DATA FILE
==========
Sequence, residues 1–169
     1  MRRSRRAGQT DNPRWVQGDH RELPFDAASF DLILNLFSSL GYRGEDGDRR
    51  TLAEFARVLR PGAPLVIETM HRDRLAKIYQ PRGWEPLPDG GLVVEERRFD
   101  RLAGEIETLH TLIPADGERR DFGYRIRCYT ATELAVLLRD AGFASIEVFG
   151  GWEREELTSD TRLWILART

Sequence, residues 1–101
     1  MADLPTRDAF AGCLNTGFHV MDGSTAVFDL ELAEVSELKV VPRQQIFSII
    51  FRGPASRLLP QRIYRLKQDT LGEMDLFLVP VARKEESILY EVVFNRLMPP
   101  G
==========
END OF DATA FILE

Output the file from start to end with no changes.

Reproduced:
Sequence, residues 1–169
     1  MRRSRRAGQT DNPRWVQGDH RELPFDAASF DLILNLFSSL GYRGEDGDRR
    51  TLAEFARVLR PGAPLVIETM HRDRLAKIYQ PRGWEPLPDG GLVVEERRFD
   101  RLAGEIETLH TLIPADGERR DFGYRIRCYT ATELAVLLRD AGFASIEVFG
   151  GWEREELTSD TRLWILART

Sequence, residues 1–101
     1  MADLPTRDAF AGCLNTGFHV MDGSTAVFDL ELAEVSELKV VPRQQIFSII
    51  FRGPASRLLP QRIYRLKQDT LGEMDLFLVP VARKEESILY EVVFNRLMPP
   101  G